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Family in the swim of things – but none could manage a stroke

A summer frock appeared to be the approved garb of the day for a spirited game of beach ball.

Flappers of the Roaring Twenties, the women of our family were in the swim, although not one of them could paddle a single stroke. In our family album are faded photographs of my mother in her swimsuit and bathing cap, posing with her young brother, Bobbie. There are also snapshots of Aunt Margaret, at play on the beach in a bathing suit reminiscent of a gym tunic.

Neither my mother, nor her older sister Mary could swim a stroke, yet vintage photos show them in bathing costumes. Aunt Margaret could not swim, either, but apparently knew how to toss a beach ball with the best of them.

Margaret (Shannon) Jamieson, wife of Bob Jamieson, models a tunic-style swimsuit fashionable in the Roaring Twenties.

My father, who learned to swim at Healey’s Cove, used to say that Minnie Kirby, a resident of The Commons, could swim like a fish. However, many girls of her day lacked this skill. Among them was a young maid employed by the Hepburn family. My father saved her from drowning when she waded out too far, while “swimming” at the cove.

Dad’s older brother, Harvey, was a strong swimmer, as was my Uncle Bob. Both could swim for long distances without tiring. Uncle Harvey left Prince Edward County to live in Buffalo, New York. Often, in letters to my father he would vow to return to Picton “for one more swim in the bay”. Sadly, he never returned to his birthplace.

My older sister Mary learned to swim, as a child, but preferred sunbathing on the beach to doing the breast stroke. However, when in her mid-teens, she decided to challenge herself by swimming across the Outlet River at Martin’s. My father, who had volunteered to act as her swim coach for this undertaking, accompanied her to the Outlet, on her big day.

Violet (Jamieson) Haylock with her brother Bobbie, dressed for a day at the beach. Violet's swimsuit and bathing cap are strictly for show. She could not swim a stroke.

My sister would later recall that dad’s presence did little to encourage her during the swim. She observed that he stood on the shore, gesturing and shouting to her. She concluded by saying that our sailor father must have thought he was docking the Queen Mary. Despite his well-intentioned advice that proved of no real help, my sister managed to reach shore.

After Mary’s triumphant crossing of the Outlet River, she retired her swim fins. Each summer, she bought a new bathing suit, but it was just for show. She sunned herself on the beach and sometimes waded along the shoreline, but steadfastly refused to get her stylish new swimsuit wet.

Although my sister posed no threat to the Little Mermaid, her husband, Art, was a strong swimmer. Once, he had worked as a lifeguard. Often, when they visited my parents, in the summer months, Art would take me to Outlet Beach. A teenager, at the time, I enjoyed these trips with my brother-in-law. Like my sister, I always kept my swimsuit dry and stuck close to shore, while Art took a dip.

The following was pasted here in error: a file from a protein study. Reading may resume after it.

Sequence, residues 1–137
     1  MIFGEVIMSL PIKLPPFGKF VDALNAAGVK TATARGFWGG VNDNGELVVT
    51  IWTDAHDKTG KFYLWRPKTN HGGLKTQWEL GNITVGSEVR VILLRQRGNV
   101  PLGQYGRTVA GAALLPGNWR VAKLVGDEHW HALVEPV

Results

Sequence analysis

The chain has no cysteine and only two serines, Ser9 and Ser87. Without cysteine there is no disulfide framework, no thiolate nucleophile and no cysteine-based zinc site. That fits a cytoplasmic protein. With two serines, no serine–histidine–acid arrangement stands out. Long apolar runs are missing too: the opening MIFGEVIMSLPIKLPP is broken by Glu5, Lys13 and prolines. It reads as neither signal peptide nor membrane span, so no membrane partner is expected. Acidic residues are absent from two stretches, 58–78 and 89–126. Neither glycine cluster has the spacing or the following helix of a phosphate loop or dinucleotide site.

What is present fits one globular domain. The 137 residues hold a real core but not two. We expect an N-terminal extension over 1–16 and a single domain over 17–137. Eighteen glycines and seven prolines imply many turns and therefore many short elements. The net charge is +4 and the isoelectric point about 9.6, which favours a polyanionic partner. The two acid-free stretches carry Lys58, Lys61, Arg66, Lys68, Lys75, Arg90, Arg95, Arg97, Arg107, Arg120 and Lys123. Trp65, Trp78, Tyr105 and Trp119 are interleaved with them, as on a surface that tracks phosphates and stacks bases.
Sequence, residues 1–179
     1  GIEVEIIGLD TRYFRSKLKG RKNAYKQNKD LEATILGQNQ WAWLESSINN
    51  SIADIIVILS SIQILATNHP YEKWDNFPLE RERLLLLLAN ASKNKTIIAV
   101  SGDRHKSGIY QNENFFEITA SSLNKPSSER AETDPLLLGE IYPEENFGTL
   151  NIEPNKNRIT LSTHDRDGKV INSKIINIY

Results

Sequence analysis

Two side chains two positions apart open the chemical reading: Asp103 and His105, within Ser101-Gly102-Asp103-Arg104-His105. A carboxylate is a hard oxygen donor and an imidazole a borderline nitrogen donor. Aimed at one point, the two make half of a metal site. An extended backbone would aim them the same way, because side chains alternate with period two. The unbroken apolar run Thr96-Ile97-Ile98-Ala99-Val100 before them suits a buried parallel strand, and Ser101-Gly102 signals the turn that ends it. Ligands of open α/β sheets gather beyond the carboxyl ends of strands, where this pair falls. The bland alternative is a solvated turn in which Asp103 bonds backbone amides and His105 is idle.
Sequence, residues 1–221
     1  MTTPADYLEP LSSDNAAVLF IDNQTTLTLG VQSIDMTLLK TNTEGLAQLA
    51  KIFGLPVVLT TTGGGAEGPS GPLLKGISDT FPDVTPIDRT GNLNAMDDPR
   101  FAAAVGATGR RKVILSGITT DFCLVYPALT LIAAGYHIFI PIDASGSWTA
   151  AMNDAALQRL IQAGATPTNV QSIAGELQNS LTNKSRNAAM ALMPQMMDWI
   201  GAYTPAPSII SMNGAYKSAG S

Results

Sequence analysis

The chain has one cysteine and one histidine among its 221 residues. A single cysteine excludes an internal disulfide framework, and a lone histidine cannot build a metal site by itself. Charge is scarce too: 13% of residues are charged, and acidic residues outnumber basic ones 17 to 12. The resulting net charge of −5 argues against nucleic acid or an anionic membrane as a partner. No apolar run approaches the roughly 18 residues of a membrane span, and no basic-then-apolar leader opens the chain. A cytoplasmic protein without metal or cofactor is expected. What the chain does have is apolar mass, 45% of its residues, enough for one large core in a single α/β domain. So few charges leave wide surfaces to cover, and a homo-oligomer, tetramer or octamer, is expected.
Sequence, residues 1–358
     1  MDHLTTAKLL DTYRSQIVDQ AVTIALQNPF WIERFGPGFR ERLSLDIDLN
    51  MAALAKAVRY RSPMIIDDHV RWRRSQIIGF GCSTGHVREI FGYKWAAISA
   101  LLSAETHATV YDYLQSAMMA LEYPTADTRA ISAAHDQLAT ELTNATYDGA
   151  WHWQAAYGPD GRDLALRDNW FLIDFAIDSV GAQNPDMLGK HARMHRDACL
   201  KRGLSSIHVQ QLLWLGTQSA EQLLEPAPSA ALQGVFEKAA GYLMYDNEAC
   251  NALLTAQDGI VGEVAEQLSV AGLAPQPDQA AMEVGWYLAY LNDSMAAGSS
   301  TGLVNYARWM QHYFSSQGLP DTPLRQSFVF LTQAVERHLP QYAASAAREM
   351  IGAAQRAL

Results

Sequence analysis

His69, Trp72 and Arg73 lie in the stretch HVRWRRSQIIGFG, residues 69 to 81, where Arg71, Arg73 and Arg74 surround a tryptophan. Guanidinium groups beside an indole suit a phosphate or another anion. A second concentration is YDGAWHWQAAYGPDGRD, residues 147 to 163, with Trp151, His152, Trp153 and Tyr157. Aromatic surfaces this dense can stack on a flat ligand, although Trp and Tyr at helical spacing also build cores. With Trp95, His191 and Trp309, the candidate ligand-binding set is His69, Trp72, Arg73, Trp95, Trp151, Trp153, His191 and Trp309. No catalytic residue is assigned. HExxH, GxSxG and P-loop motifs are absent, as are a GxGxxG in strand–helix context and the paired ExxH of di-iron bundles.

On one of our beach excursions, Art decided to demonstrate an underwater handstand. Children pointed in excitement as his legs shot above water, while his torso remained submerged. However, Art’s 15 minutes of fame was doomed to an inglorious end.

When we returned to the parking lot, a few minutes after his display of athletic prowess, my brother-in-law began to fumble for his car keys, which he had placed in the pocket of his swim trunks. Quickly, he realized that when he had performed his handstand, the key had fallen from his pocket. Now, it was sleeping with the fishes. The car was securely locked and we were stranded. Our clothing and our wallets were inside the vehicle.

While Art pondered our dilemma, I hit upon a possible solution. During numerous trips to the beach that summer, my friends and I had made the acquaintance of its student lifeguards, Dick Proctor and Barry Crawford. On the day of Art’s handstand, I had observed that Dick was on duty. His shift would end soon and I knew that he lived close to town. I suggested that we ask him for a ride home.

Dick cheerfully came to our rescue and drove us to Picton. As soon as we arrived, Art located his spare car key and my father drove him back to the beach to reclaim his car. My brother-in-law had learned an important lesson in beach gymnastics – never do a handstand with your car key in your pocket.

Our long ago “summers by the sea” are now just memories in the pages of the family photo album. We have taken our places, with mother, Aunt Margaret and Uncle Bob. Future generations, one day will smile at our bathing costumes, much as we laugh at the voluminous swimsuits of our relatives who romped on the beach, in the 1920’s. Even on dry land, we were in the swim.

Filed Under: Margaret Haylock-Capon

About the Author: Maggie Haylock is a freelance writer and former newspaper reporter who has co-authored several books with her husband, Alan Capon.

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  1. Ann Sherwood says:

    Cute story, and great pictures!

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